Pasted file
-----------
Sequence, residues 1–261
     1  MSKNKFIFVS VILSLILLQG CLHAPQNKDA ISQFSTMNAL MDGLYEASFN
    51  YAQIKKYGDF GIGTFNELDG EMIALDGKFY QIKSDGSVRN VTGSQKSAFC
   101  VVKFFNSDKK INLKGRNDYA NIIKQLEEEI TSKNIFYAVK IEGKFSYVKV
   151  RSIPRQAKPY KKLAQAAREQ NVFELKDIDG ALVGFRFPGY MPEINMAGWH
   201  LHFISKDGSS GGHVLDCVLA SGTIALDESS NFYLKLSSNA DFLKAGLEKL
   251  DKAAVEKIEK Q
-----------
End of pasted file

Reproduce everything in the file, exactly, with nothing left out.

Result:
Sequence, residues 1–261
     1  MSKNKFIFVS VILSLILLQG CLHAPQNKDA ISQFSTMNAL MDGLYEASFN
    51  YAQIKKYGDF GIGTFNELDG EMIALDGKFY QIKSDGSVRN VTGSQKSAFC
   101  VVKFFNSDKK INLKGRNDYA NIIKQLEEEI TSKNIFYAVK IEGKFSYVKV
   151  RSIPRQAKPY KKLAQAAREQ NVFELKDIDG ALVGFRFPGY MPEINMAGWH
   201  LHFISKDGSS GGHVLDCVLA SGTIALDESS NFYLKLSSNA DFLKAGLEKL
   251  DKAAVEKIEK Q